Image ©Mainichi/Kenichi Kayahara
SOURCE Mainichi MISATO, Shimane — A drone test flight was carried out in this western Japan town on Jan. 13 and 14 with a goal to transport goods to settlements dotted in mountainous areas occasionally isolated due to heavy rain.
The test conducted by transportation company Sagawa Express Co., the town of Misato and other bodies went off without a hitch. The Misato Municipal Government will follow it up with a demonstration experiment of drones within the fiscal year, in a bid to realize their practical use in fiscal 2022.
The test was conducted above the Gonokawa River and its tributary to minimalize the danger in case of a crash. If practical use of the drones is achieved, the service will likely cover almost all areas in the town, where aging and a declining population continue.
The Jan. 14 test was favored by good weather, and the drone was flown from the town’s disaster prevention park, which had some snow remaining on the ground, to the Ago community center some 6.4 kilometers away. After town officials put around 2 kilograms of goods, such as canned wild boar meat — a specialty of the town — thermometers and other items into a box attached beneath the drone, it soared roughly 100 to 120 meters high above the river, and arrived at the community center’s ground in about 10 minutes. The route was preprogrammed by industrial drone company Eams Robotics Co., based in the city of Fukushima, and was remotely controlled by a staff member in Tokyo.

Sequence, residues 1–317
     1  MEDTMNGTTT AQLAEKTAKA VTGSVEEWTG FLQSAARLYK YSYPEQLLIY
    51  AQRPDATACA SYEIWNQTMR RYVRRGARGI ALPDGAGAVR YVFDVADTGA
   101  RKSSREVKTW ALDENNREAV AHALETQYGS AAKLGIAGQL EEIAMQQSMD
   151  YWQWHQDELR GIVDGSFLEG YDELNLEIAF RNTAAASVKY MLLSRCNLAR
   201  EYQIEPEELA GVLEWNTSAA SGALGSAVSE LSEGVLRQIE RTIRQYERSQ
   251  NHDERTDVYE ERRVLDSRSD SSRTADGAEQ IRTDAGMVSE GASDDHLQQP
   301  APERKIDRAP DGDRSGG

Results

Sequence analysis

The test was part of a project started by the town in fiscal 2018 to create flight routes, and is subsidized by the Ministry of the Environment. In Misato, where more than 45% of the population are elderly, some people have given up owning cars, and it is becoming inconvenient to go shopping or to hospitals. To maintain logistics, town officials are considering making the disaster prevention park a base for the drone flights and make seven locations, including community centers, transit points where people can receive goods.
Sagawa Express also envisages drones as a new means of transportation amid a decreasing population and concerns of a shortage of drivers in the package delivery industry.
“Despite radio waves being hard to reach the area because of the low temperature and the valleys, the drone flew smoothly,” said an Eams Robotics staff member in charge of the test. “We would like to improve accuracy for even safer flights.”
A test conducted on another route on Jan. 13 also went well without any major problems.
Deputy head of the Ago community center Isamu Takeda, 66, received goods from the drone on the facility’s field, and tried changing the drone’s battery. “The noise of the drone was low, and it was easy to open and close the box,” said Takeda. He added, “It will be helpful for residents if legislation is introduced and we are able to receive medical supplies. It will be assuring for older people and others who no longer have cars.”
The Ago district was temporarily isolated during downpours in 2018 and 2020. Takeda added, “Drones are also effective for the town hall and others to accurately assess damage.”